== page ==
The art of writing is one that must be practiced diligently and crafted with care and patience so that the purpose of communication is achieved with ease and grace. It may surprise many of us to learn that even native writers in English-speaking countries spend enormous amounts of time evaluating their work consciously and conscientiously before placing it for public consumption. Writing, to them, is not only an art form, it is everything. Here are two quotes from writers, nay celebrities, that I'd like to share:

"Writing is very easy. All you do is sit in front of a typewriter keyboard until little drops of blood appear on your forehead." ~ Walter W. "Red" Smith

"I am an obsessive rewriter, doing one draft and then another and another, usually five. In a way, I have nothing to say, but a great deal to add." ~ Gore Vidal

If such luminaries are so obsessive, how much effort should we devote to clear writing? How much pain should we endure to get our thoughts across accurately?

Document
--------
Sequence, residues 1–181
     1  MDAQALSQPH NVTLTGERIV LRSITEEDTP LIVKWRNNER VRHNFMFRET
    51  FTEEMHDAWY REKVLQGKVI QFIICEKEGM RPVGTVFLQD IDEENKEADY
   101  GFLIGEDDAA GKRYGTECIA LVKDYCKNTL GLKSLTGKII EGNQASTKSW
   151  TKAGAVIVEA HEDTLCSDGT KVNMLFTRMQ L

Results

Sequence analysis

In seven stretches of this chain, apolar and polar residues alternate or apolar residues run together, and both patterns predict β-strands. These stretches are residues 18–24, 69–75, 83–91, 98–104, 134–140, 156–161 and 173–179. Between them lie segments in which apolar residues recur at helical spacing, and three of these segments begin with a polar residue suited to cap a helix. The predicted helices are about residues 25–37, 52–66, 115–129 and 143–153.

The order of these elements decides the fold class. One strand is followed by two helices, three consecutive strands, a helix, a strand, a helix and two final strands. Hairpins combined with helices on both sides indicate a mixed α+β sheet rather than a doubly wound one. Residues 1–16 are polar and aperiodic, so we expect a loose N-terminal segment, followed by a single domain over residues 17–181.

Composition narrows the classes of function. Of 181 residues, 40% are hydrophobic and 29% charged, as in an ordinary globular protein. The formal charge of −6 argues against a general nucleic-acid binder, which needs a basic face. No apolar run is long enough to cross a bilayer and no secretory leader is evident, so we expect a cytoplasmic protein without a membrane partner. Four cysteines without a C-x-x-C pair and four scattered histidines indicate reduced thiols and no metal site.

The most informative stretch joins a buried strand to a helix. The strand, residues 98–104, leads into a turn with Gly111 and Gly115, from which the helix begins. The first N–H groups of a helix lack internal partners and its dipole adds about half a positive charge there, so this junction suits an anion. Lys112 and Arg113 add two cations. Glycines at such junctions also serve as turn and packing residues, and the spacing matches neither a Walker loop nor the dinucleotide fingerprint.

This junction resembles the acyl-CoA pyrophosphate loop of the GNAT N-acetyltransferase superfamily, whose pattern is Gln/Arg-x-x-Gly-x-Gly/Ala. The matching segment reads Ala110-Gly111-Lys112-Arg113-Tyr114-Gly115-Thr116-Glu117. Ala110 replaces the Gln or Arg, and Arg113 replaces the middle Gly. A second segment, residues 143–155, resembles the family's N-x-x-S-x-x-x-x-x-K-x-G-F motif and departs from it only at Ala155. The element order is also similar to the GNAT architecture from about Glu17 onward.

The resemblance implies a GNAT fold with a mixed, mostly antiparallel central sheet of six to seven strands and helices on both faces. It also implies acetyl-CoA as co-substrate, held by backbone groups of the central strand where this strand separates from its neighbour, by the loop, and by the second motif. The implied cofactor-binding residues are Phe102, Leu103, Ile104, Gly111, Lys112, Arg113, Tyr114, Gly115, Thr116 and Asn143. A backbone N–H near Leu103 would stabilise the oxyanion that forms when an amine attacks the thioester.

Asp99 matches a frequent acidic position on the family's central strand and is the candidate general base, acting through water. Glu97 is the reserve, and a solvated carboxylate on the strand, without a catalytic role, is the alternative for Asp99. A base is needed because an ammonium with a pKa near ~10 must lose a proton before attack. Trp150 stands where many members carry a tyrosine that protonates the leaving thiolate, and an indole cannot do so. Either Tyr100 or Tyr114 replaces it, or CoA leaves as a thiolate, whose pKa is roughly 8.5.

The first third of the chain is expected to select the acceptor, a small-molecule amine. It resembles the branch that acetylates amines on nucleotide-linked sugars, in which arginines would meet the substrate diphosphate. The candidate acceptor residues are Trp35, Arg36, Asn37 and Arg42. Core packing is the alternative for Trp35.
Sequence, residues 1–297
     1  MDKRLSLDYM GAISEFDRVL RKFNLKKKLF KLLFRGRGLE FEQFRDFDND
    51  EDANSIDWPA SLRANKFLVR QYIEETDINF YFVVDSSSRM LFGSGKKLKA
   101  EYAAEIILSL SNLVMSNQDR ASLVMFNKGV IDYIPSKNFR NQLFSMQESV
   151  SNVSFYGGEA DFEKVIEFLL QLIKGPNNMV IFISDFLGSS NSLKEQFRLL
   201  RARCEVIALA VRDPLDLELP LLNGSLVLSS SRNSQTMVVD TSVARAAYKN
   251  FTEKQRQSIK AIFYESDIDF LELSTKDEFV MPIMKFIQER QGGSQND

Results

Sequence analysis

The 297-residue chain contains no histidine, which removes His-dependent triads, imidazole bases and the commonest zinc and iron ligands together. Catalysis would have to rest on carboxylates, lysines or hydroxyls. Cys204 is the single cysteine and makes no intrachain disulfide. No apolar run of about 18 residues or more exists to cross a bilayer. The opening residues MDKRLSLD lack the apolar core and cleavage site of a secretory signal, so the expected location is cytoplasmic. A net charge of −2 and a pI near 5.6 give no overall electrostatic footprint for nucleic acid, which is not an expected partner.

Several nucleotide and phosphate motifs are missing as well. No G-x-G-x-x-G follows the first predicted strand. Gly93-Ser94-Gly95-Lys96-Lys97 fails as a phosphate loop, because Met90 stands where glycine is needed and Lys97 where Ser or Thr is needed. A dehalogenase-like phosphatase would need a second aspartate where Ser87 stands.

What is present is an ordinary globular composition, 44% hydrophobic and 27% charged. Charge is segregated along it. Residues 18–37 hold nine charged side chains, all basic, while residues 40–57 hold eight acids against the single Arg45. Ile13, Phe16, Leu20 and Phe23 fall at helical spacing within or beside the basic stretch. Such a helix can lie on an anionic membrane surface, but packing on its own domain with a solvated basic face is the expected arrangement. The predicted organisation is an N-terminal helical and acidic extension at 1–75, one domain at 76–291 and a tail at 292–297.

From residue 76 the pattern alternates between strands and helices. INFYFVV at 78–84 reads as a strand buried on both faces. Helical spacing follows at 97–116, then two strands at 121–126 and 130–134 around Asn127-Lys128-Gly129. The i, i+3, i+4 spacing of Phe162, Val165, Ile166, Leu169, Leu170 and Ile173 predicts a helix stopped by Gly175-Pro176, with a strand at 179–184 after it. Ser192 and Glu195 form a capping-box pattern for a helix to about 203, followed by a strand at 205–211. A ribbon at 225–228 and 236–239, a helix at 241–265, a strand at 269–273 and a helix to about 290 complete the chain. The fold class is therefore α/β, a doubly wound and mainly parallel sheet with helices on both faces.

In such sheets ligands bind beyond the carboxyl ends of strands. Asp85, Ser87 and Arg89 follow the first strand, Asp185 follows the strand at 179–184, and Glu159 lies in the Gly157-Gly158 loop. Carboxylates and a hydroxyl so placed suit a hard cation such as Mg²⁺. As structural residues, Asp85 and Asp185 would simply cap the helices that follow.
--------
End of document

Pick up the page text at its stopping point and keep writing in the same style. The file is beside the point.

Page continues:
The purpose of writing this piece is to try and inspire those who write, especially in English, to do so correctly, simply, and gracefully. That requires writers to adopt the mantra of CQI (continuous quality improvement) introduced in the quality literature to help them in their quest to be the best they can be. Effort and determination do produce good writing. These qualities also enable writers to conform to global standards. Many foreign-born writers (some of them from our neighboring country), today, write lucidly and with superb clarity, earning prestigious awards and acclaim. When more Bangladeshis begin writing flawlessly, precisely and incisively, standing shoulder-to-shoulder with the very best writers in other countries, it will be a source of great pride and inspiration for all of us.

Dr. Syed Saad Andaleeb is Professor of Marketing at Pennsylvania State University, The Behrend College. He is also the Editor of the Journal of Bangladesh Studies.